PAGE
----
Mentoring Resources

Why Mentor?

A mentor can be used to describe a formal assigned relationship for counseling, teaching, and assisting a junior colleague in attaining success. A mentor may be self-selected and serve as a guide, a touchstone for professional and personal success. Mentoring may be career advice or real teaching in specific skills. Whatever it is, mentoring is the third most powerful personal relationship for influencing human behavior if it is working.

A mentoring relationship is seen as an essential step for achieving success in politics, business, and academia. The literature show that most successful people in all areas of human endeavor can point to an individual or mentor who played a critical role in the development of their career. Studies of mentoring in the health professions reveal benefits for all faculty at all levels of career development. According to a University of Minnesota study, faculty with mentors demonstrate higher levels of the following success factors:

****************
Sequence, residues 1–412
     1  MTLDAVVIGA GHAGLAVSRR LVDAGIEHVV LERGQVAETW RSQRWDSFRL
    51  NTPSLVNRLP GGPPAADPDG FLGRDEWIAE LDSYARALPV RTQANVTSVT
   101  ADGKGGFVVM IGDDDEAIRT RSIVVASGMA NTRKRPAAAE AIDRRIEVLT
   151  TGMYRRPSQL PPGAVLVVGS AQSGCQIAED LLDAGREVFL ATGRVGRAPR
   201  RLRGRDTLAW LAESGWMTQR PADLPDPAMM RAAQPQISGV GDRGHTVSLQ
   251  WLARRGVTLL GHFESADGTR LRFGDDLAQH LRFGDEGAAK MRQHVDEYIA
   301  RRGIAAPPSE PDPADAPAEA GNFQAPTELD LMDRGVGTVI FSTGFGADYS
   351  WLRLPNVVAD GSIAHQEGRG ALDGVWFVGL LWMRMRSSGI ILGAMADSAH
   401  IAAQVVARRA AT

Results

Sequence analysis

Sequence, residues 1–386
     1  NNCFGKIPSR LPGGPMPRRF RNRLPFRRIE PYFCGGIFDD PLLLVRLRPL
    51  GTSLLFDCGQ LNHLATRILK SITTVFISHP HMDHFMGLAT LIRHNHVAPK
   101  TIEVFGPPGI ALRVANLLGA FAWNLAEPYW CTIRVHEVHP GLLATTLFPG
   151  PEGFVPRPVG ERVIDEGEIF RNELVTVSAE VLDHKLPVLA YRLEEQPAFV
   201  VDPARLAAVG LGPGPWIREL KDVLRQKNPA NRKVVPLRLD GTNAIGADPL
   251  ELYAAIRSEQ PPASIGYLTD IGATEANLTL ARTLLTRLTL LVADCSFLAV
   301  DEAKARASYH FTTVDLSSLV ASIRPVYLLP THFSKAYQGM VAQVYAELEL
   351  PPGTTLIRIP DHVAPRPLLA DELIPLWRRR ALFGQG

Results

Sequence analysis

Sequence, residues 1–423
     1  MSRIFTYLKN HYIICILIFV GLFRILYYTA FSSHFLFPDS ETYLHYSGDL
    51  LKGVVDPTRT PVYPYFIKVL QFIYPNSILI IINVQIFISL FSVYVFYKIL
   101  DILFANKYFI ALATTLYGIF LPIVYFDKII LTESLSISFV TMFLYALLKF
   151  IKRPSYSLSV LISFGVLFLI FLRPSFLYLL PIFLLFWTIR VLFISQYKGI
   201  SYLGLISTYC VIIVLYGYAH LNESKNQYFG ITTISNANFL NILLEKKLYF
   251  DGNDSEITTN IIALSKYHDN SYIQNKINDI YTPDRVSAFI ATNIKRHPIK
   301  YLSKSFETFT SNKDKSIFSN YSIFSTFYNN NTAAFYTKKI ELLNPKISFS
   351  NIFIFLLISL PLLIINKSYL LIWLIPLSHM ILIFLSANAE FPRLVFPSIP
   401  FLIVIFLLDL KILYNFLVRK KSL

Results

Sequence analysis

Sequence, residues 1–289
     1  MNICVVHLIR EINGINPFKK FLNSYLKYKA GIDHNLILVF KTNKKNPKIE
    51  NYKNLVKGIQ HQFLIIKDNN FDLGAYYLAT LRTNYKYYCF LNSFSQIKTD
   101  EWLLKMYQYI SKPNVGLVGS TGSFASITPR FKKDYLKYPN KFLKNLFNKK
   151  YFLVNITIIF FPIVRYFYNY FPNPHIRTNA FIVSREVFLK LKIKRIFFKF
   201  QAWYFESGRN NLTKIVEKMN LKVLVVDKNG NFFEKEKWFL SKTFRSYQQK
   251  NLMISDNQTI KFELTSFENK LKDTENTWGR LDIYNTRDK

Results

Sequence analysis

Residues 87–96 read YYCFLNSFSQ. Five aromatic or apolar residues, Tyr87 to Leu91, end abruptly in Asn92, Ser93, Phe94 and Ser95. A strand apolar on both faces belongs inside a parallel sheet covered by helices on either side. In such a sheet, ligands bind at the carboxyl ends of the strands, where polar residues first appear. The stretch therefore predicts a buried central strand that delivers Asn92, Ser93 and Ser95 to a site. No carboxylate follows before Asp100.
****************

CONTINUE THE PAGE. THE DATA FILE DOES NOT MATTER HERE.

●Teaching Effectiveness ● Research Productivity ● Professional socialization and interactions with colleagues ● Salary levels and satisfaction with salary and promotion

Mentoring is largely the art of making the most of a given situation……. Gordon Shea __________________________________________________________________________________

The UAMS Women’s Faculty Development Caucus offers tips on building a successful program:

● Use what you have. Take inventory of existing institutional resources and programs before beginning your mentoring program and link it to current programs, services, and resources.

● Communicate, Communicate, Communicate with both mentors and proteges once the program is established. Formal reports and informal hallway conversations are vital in assessing and maintaining operational relationships.

● Track Results and Reward Success. Formal evaluation reports can track progress and the success of the program. Informal reports highlight opportunities and contribute to program growth. Track and report the advancement and diversity of leadership positions. Faculty mentoring awards raise the visibility and importance of mentoring across the institution.


For more information on mentoring, please contact Emily Freeman.